I've now been to all of my classes for the semester at least once. I am enrolled in three modules (courses) this semester: Interpreting Social and Cultural Phenomena, European Art and Architecture in the Seventeenth and Eighteenth Centuries, and Introduction to Modern Latin America. I think I will enjoy all of them very much and all of my professors seem wonderful.

Many of the buildings themselves where I take classes are stunning. it's unbelievable to think that I go to class in a museum or a quad more than twice as old as America.

I tend to enjoy the way courses are taught here at St Andrews, but it is quite different than my experience at Holy Cross. I'll list some of these differences for you, but it's important to remember that St Andrews teaches much differently than many other universities in the UK, especially those in England, which are often taught on a three year track. It is also key to keep in mind that I am coming from the perspective of an American liberal arts student as opposed to one at a university so that discrepancy alone is reason for some of the differences. Anyway, I suppose I'll have a go at a few of the differences:

  1. Courses are usually referred to as modules.
  2. Instead of having letter grades, the grading system here is based on a 20 point scale.
  3. People here don't generally use the terms freshman, sophomore, junior, and senior, and rather refer to each year by their number in progression as I will in this post.
  4. First and second year modules are taught in lecture halls and are not broken down into sections. Therefore, all people enrolled in that module are being taught at the same time leading to very large classes. However, the class is then broken down into tutorial groups which meet outside the lecture and provide for more individual attention and discussion.
  5. First and second year modules are also taught not by the same professor or lecturer all semester but by many different ones depending on the topic that day.
  6. Third and fourth year modules are referred to as Honors level modules and tend to be taught in smaller groups. At least in the social anthropology department, my experience is that they've been around twenty-five to thirty students.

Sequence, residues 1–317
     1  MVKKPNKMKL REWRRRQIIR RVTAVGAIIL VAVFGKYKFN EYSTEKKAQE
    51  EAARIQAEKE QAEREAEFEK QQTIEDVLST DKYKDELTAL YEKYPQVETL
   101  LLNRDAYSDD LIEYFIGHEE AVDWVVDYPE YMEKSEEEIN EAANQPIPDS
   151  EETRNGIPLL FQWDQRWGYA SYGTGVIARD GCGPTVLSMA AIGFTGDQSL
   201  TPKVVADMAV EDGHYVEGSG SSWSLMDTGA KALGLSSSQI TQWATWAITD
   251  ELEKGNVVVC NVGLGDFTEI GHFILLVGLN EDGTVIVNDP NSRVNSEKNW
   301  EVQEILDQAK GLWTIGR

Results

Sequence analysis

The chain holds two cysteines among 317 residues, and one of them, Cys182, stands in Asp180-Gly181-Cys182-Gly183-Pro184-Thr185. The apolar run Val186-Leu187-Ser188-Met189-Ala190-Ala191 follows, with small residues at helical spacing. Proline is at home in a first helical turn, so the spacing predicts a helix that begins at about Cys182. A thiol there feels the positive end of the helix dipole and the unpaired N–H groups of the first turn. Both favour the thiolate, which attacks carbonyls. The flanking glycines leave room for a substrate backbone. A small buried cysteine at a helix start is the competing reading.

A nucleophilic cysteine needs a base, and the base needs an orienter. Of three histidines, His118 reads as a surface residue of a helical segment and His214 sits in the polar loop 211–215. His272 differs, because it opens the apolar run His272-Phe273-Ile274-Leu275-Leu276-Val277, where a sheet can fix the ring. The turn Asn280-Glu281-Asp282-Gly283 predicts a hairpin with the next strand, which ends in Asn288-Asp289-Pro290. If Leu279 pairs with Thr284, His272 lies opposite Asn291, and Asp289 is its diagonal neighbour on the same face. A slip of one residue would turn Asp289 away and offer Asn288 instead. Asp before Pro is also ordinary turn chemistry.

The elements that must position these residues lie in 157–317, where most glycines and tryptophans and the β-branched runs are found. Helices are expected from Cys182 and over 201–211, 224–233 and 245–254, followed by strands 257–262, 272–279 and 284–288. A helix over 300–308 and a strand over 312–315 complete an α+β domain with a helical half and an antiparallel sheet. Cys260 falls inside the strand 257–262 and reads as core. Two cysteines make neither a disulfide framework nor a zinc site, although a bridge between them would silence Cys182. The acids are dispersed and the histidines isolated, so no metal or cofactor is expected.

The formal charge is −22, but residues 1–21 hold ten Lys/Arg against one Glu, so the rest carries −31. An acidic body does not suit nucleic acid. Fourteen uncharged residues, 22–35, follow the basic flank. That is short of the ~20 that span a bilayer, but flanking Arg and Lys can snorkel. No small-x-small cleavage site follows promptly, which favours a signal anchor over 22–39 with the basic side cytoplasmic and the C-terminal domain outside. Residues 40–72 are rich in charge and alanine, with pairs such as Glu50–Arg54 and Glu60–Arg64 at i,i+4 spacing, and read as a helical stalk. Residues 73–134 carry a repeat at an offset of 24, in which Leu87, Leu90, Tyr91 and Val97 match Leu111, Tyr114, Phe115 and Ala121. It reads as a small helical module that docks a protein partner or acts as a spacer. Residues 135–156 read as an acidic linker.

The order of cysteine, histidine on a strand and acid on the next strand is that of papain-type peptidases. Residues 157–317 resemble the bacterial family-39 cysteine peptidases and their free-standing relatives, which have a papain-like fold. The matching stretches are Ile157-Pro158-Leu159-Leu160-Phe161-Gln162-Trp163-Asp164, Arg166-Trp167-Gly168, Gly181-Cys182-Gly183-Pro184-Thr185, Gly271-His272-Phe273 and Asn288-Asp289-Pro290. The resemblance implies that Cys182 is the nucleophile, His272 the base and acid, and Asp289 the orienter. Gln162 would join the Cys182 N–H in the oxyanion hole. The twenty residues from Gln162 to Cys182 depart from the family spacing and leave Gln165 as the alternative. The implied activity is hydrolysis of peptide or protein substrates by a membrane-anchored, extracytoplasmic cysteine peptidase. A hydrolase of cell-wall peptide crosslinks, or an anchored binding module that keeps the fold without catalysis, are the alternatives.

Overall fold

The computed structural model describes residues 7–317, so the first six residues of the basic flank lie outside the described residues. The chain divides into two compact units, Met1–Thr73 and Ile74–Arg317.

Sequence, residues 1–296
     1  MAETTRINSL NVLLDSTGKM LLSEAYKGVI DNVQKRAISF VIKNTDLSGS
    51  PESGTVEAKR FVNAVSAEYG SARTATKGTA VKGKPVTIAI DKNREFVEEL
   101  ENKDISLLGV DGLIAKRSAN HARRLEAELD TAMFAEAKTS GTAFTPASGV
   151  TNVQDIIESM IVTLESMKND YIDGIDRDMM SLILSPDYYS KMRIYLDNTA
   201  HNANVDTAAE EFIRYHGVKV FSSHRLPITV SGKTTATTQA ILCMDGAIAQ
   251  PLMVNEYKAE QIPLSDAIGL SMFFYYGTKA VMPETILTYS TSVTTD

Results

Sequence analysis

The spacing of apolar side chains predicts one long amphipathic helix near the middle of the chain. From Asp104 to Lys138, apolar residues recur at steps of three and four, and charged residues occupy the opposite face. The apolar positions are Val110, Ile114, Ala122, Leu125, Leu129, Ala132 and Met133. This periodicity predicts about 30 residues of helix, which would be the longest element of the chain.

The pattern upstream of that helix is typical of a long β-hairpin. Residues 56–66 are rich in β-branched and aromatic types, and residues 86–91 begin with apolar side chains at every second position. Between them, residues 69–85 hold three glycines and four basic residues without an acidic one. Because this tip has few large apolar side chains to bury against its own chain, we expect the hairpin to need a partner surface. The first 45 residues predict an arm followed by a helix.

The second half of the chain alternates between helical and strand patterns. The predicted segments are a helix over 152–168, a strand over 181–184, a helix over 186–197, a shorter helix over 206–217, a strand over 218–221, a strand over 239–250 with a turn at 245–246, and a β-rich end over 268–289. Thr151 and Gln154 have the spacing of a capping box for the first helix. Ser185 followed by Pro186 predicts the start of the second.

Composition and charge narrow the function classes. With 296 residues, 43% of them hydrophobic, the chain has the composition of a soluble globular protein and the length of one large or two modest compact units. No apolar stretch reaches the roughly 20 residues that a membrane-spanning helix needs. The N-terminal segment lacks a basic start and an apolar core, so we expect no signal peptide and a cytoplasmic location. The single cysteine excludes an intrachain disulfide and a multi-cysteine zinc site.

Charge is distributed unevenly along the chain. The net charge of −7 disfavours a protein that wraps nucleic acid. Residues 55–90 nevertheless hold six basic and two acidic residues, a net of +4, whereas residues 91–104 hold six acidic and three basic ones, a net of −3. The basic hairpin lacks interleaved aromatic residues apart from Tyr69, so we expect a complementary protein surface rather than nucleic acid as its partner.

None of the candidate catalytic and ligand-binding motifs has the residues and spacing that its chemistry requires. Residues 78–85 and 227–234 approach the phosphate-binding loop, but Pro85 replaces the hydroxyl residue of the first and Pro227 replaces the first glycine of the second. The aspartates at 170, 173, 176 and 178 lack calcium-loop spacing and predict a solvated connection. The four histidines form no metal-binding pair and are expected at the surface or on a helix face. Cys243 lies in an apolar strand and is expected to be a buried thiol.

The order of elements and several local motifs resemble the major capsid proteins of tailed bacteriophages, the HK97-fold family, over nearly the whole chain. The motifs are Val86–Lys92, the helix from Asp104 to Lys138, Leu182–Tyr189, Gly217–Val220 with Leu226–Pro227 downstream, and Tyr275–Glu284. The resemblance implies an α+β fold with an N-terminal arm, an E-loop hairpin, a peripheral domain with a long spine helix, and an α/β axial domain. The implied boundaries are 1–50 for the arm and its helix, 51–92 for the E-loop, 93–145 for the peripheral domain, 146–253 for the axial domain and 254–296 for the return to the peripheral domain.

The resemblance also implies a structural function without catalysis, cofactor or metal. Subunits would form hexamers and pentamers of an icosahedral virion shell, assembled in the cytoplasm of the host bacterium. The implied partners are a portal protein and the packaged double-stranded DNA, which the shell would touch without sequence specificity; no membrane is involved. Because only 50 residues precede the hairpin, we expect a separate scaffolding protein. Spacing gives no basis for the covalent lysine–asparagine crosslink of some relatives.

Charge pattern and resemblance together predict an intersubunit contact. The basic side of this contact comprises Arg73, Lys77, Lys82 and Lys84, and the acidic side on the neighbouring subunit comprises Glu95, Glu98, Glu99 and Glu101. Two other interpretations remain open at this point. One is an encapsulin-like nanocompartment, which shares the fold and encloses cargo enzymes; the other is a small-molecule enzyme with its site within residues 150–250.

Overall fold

7. As a third or fourth year student you can either go to class a ton or very little depending on what you study. Generally if you are in the sciences you will attend class very often but not have as much work outside of class and if you are in the arts you'll meet much less frequently and have a greater amount of work outside of class time. I, for instance, was in class a total of six hours per week last semester, more this semester because I'm in some lower level modules.
  8. The library tends to be used much more here in the sense that many students do not own all of their books and will borrow them from the library in order to read them. This is particularly the case if it's not a major book for the course. 
  9. Learning at St Andrews tends to be much more intrinsically motivated. In America there is a tendency to be told everything that you are expected to do by the professor and you fulfill those tasks to the highest of your ability to earn a good grade. Here there are many more additional and optional readings on top of the compulsory ones that students take advantage of. This makes for a wonderful environment in which people genuinely want to learn.
  10. People come to uni in Scotland in order to specialize in something.  There is no such thing as a liberal arts college in Scotland and students apply into a specific field of study which they begin in their first semester. This isn't to say that they don't take classes in any other department, but it is certainly a more targeted form of study with less variety.

So here I've told you at least a little bit about learning at St Andrews and I hope it's been helpful. Most importantly though, remember that the studying part of study abroad is, of course, very important but also a lot of fun. Just learning in a different style and in a different environment will likely teach you as much as what is in your textbooks and I promise that while it may not seem as exciting as taking a weekend trip to Paris or Prague (which you should of course do as well) just going to class in a different country is absolutely wonderful so look forward to it!